A Couple Of Techniques For Writers That Are So Easy, It Feels Like Cheating

Pretend that your emotions and energy are money.

Now pretend that you have “bills” that you have to pay, such as going to work, spending the time to buy groceries, cleaning your house, and sleeping.

Make a budget for your emotion/energy matrix.

Like, for example, I clean my bathroom every week. So cleaning the bathroom is something that is on my radar near the end of the week, and I save enough energy/life to get that done.

Now, a lot of us go through life spraying out energy and emotion willy nilly, like one of those strange money-blowing boxes that banks put outside to get new customers to sign up. Anyone and anything that passes you by can snatch up all of your money (in this case, your time and energy).

If you make a budget of your emotions and energy, and set aside of piece of yourself to work on your writing, you will not feel so spent and angry.

So here you are:

1.How much time do you already spend thinking about your novel? Write down a number. Now take half of that number, and spend that many minutes typing your novel every day. Note: do not spend this time staring at the screen; spend this time with your fingers tapping usefully on the keyboard.

2. Imagine yourself making a wonderful red box of glowing hot metal. The box is made of metal, and the metal is so hot that anything touching against the metal burns up in acrid smoke almost instantly. Now, every time through the day that you hear yourself thinking to yourself, “Gee, if I was not such a wastrel, I would have finished my novel by now,” put that thought, like a twist of old newspaper, into your hot box, and watch it burst into satisfying flame. See how many negative thoughts you can burn by the end of the day.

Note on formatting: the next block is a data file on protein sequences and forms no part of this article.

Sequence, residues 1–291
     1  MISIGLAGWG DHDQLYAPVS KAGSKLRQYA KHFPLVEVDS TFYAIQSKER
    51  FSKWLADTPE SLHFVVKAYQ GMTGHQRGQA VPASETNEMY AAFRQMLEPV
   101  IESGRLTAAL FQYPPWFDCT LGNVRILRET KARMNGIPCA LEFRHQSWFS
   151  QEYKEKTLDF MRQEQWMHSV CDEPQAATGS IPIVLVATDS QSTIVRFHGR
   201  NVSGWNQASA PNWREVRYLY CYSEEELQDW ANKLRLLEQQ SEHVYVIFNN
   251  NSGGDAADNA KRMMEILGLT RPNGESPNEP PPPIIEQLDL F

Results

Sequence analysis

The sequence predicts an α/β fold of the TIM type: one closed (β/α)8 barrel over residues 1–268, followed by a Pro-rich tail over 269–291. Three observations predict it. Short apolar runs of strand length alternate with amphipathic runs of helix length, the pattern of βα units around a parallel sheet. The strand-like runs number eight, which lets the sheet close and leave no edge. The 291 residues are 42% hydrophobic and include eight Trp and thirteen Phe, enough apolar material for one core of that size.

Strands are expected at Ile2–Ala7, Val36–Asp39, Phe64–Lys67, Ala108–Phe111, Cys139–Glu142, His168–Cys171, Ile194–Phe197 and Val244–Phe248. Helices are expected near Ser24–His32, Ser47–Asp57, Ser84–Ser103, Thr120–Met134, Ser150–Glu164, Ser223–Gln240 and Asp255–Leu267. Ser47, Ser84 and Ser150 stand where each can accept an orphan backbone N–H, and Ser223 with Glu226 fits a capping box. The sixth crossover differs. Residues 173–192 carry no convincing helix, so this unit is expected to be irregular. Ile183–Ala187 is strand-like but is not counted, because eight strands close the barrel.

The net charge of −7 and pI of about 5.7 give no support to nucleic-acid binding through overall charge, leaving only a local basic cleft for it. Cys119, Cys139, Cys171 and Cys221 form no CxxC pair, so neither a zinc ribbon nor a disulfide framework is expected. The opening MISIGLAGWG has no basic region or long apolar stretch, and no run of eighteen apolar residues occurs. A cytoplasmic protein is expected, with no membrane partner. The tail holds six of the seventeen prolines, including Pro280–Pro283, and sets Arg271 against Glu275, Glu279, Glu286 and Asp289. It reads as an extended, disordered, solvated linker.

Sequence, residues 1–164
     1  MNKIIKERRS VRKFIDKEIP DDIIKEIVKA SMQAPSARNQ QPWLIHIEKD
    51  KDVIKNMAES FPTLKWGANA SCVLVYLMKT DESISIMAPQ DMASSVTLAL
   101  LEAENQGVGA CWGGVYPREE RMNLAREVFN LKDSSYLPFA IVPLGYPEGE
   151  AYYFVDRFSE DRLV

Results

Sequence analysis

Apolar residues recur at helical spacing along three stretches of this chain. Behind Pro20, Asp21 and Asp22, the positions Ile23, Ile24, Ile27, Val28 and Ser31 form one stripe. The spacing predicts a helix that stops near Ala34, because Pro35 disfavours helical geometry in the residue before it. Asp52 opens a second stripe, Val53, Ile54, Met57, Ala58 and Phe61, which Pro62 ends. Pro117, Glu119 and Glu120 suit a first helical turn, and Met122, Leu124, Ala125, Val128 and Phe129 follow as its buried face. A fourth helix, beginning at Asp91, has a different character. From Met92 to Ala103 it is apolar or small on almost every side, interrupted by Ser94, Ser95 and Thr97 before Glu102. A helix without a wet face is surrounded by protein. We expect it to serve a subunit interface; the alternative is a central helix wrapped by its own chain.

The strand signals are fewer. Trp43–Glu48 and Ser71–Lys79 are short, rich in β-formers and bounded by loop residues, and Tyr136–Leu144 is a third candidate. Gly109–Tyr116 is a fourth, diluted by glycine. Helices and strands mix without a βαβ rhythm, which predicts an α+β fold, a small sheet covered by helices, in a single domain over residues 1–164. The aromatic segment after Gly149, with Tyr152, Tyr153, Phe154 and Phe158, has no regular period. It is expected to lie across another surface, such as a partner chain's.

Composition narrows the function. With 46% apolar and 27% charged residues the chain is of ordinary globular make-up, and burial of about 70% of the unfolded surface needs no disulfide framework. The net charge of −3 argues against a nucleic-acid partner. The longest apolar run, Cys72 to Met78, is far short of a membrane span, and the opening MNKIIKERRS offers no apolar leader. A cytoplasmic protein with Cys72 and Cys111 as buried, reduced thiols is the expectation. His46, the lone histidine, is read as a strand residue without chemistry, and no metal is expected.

There you go. Two pro-tips. Bonus points if you save enough energy for a five minute nap after your typing time.


Some Suggestions For Lazy Writers

When you are staring down at your document at 6:07 AM, and berating yourself softly, do this:

Take a deep breath.

Make sure your cursor is in the right place (at the end of the current document).

Imagine what you would like to be writing about, if only you were better at writing already, and had explained everything so the reader would get it, and if only you had all the time in the world to explain this cool thing you want to write.

Have you got a clear picture of the thing that you can’t write about, but would like to?

Now close your eyes.

And let your fingertips fill in that picture.

It doesn’t matter if you explain it perfectly the first time. It doesn’t matter if you can’t tell the reader everything all at once.

Just start in one corner of that scintillating scene, and describe one part of it. Then, maybe the part next to it. And so on, ad infinitum.

And . . . go.